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Until the 1990s, only Route 505 was considered the "Trans-Samaria Highway". Highway 5, which hadn't yet been upgraded to a highway, was a narrow, curved two-lane road that reached the Kassem junction and continued as a minimal two-lane road for 2 kilometres (1.2 mi) to the entrance to Kfar Kassem. At this point, the road (today's Highway 5) connected to the old Route 505, which crossed Kfar Kassem.
An early improvement was to extend and pave Route 5 along an additional 5 kilometres (3.1 mi) as a bypass road, which ended where the Sha'ar Shomron Interchange exists now. Eastward beyond that, the Trans-Samaria Highway was only Route 505. During the late 1990s and during the 2000s the National Roads Company of Israel continued to develop Route 5 as a two-lane highway in a new route south of Route 505 instead of upgrading the 505 route, so that the two highways were parallel for a distance of about 14 kilometres (8.7 mi). Since November 2008, route 5 has ended at the Ariel junction, where it connects with Route 505 which continues as the "Trans-Samaria Highway" to the intersection with the Highway 90 in the Petza'el intersection in the Jordan Valley.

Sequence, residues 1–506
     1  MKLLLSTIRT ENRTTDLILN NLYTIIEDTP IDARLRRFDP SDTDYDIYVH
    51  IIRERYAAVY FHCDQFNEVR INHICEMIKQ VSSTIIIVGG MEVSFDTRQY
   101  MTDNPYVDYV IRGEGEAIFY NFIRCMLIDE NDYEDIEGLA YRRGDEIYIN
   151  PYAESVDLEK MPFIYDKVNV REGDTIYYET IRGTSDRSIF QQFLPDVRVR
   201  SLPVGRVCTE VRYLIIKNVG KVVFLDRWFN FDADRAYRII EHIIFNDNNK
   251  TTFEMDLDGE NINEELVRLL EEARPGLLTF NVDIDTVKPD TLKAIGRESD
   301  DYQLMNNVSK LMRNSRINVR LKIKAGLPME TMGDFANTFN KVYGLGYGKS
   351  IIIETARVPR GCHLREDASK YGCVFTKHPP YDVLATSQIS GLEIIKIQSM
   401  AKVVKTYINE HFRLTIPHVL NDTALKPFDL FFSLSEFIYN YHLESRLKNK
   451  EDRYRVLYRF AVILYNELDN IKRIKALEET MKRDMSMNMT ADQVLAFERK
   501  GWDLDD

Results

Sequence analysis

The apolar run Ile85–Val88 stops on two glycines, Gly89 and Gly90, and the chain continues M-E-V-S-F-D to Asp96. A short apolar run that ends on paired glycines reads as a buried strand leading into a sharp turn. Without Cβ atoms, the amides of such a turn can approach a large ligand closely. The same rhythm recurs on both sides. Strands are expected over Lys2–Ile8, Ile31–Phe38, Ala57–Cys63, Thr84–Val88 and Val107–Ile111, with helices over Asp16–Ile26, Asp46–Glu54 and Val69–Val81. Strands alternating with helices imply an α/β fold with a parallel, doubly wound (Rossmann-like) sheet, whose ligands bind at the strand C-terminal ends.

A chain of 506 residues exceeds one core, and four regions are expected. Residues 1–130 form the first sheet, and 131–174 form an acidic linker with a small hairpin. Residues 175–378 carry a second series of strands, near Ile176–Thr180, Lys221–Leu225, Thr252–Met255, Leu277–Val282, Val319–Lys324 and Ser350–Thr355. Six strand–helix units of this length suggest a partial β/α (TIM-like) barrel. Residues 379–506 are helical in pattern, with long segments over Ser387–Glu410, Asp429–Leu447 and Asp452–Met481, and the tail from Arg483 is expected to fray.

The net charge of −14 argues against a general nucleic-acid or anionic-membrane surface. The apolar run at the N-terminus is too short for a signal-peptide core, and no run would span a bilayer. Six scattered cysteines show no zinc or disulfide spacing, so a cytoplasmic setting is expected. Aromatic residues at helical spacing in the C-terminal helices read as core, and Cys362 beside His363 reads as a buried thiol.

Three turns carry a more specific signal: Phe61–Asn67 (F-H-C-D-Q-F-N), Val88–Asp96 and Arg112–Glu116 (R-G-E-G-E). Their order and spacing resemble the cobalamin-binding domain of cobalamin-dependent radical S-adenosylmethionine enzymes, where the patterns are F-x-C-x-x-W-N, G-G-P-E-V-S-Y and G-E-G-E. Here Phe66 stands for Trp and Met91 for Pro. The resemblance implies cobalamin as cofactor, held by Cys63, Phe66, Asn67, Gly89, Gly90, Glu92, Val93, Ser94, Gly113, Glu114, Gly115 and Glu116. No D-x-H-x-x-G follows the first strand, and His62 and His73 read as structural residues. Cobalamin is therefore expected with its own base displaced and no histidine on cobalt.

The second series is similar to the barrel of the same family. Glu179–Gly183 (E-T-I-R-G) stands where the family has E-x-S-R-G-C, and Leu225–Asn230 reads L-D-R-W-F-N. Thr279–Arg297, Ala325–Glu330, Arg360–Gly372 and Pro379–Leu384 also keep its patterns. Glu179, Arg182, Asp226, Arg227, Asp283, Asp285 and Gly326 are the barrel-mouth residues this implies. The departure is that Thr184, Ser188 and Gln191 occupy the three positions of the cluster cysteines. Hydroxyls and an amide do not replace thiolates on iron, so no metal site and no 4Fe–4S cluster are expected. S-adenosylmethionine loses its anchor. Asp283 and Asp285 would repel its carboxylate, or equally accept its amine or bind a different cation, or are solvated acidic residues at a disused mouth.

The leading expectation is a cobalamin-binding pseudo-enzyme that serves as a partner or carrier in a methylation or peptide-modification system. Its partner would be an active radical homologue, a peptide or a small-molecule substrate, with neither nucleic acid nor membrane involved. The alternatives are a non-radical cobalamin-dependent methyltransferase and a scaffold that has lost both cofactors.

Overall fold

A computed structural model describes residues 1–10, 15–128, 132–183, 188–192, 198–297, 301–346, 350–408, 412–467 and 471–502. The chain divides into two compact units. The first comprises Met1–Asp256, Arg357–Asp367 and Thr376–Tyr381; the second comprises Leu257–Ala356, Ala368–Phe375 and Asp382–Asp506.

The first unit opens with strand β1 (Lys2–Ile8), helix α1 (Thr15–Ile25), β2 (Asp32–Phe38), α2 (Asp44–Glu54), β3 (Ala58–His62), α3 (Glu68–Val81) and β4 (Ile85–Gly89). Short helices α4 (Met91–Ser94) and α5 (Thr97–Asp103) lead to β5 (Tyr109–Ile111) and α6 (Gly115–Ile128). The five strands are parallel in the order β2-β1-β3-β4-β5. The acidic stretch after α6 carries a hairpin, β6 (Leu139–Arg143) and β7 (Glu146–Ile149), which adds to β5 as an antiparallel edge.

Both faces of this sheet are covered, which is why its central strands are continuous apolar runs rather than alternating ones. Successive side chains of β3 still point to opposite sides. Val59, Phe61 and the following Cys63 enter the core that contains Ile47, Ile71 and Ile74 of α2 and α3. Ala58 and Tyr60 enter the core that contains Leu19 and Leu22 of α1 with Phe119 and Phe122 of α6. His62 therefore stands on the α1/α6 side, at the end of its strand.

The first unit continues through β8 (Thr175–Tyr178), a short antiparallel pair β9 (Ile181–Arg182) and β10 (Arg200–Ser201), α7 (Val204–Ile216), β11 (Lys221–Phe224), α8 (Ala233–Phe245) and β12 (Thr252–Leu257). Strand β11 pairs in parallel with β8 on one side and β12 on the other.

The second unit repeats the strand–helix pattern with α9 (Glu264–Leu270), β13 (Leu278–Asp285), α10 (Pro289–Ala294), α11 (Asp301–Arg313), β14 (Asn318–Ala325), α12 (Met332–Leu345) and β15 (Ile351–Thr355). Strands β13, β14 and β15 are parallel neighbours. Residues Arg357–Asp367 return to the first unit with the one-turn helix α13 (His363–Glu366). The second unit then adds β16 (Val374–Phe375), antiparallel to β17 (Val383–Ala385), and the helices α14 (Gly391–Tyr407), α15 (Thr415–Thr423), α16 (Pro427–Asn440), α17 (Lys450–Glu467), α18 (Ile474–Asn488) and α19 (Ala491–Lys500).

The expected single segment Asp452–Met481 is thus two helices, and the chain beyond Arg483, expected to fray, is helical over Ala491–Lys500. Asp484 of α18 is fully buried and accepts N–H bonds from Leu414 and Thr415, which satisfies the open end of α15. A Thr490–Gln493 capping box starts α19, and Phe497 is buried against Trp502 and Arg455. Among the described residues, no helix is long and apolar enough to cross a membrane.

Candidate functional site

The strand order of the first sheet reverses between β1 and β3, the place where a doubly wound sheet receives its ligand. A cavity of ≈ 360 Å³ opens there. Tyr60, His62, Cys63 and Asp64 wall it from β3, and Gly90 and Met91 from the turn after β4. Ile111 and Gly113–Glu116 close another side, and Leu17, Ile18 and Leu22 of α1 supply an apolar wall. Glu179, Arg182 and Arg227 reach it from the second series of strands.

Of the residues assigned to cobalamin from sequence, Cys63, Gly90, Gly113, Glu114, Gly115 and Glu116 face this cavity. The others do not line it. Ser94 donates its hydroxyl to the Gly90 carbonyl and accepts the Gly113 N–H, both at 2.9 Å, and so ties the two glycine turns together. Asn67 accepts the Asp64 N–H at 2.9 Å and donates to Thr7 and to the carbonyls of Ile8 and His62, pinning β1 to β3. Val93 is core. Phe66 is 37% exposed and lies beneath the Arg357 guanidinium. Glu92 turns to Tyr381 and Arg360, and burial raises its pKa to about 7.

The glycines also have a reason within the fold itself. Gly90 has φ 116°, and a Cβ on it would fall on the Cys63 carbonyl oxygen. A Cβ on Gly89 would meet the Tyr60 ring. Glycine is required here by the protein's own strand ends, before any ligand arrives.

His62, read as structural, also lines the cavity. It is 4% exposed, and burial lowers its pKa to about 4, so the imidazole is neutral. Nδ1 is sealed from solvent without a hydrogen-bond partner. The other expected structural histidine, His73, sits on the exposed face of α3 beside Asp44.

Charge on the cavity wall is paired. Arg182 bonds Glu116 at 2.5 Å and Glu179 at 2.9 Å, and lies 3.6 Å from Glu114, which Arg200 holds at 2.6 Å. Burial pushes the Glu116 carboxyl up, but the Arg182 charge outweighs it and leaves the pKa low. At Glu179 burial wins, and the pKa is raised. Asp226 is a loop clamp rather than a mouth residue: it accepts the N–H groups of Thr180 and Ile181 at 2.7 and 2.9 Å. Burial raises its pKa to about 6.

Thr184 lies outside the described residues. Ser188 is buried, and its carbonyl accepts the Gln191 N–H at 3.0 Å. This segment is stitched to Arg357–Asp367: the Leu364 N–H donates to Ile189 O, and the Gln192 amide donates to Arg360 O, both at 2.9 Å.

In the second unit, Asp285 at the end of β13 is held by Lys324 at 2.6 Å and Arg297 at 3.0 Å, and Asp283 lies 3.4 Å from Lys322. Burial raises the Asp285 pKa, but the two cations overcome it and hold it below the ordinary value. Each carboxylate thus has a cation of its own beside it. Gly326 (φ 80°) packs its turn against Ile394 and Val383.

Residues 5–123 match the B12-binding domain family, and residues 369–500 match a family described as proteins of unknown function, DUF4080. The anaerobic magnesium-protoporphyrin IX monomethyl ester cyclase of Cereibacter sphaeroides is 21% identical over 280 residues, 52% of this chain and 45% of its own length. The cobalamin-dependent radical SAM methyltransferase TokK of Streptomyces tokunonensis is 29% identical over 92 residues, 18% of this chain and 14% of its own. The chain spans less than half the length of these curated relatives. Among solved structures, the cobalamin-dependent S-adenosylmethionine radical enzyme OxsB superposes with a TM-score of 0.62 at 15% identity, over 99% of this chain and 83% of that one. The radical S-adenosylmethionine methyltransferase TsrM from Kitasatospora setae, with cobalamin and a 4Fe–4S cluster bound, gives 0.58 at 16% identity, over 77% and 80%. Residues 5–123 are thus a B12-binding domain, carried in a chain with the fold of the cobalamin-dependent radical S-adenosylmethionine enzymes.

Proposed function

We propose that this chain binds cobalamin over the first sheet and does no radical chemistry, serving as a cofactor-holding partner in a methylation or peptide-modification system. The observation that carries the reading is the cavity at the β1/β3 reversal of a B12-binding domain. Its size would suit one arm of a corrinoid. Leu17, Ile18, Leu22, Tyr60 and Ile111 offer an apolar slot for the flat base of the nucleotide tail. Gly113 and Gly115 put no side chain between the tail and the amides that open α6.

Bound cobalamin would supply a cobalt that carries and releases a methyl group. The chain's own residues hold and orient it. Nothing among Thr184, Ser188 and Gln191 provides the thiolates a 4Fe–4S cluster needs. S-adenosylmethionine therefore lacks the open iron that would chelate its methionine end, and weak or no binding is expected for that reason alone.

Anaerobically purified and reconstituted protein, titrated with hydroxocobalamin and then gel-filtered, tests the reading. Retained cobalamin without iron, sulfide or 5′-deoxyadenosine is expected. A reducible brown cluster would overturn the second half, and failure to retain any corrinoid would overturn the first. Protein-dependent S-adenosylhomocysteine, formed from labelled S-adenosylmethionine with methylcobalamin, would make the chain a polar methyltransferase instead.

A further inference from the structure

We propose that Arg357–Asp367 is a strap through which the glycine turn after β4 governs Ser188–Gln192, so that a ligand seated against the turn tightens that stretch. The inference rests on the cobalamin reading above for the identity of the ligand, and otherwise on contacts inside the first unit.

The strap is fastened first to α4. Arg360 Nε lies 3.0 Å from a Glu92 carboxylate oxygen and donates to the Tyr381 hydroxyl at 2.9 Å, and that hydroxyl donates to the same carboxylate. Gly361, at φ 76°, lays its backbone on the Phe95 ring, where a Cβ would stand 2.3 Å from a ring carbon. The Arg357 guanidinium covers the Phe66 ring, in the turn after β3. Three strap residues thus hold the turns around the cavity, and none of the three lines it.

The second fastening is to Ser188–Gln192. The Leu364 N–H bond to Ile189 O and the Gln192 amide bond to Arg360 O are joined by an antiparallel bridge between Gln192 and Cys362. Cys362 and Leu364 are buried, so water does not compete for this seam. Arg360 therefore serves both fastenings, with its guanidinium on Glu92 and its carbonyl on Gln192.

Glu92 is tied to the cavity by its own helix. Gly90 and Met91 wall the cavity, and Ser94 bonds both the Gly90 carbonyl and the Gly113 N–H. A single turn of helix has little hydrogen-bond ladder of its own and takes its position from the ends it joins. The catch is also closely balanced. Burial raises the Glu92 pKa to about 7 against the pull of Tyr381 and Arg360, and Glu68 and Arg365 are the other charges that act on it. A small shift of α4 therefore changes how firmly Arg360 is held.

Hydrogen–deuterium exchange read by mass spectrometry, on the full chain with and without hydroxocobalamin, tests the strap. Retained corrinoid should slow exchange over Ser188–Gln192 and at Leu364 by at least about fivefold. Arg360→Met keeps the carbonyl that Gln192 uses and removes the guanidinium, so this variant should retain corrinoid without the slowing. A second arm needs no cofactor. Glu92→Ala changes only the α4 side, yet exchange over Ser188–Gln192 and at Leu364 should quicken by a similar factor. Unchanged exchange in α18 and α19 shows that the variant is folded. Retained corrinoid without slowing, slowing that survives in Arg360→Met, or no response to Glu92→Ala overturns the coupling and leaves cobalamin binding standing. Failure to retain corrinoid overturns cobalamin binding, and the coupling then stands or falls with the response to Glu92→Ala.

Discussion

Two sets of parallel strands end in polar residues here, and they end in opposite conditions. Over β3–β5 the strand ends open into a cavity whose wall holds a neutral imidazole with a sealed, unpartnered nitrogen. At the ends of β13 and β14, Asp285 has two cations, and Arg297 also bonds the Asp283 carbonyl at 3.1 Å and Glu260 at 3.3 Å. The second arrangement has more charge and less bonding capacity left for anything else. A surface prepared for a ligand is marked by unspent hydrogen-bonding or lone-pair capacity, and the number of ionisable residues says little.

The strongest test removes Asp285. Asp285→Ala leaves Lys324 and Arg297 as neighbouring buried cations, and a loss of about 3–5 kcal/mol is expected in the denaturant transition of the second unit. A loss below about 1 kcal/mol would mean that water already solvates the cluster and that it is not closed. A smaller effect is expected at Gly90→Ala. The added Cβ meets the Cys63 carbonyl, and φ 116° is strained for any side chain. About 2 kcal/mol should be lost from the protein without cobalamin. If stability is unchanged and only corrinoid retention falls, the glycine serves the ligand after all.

In 2010 Minister of Transportation Yisrael Katz ordered the planning for the route to connect the Gush Dan region with the Jordan Valley.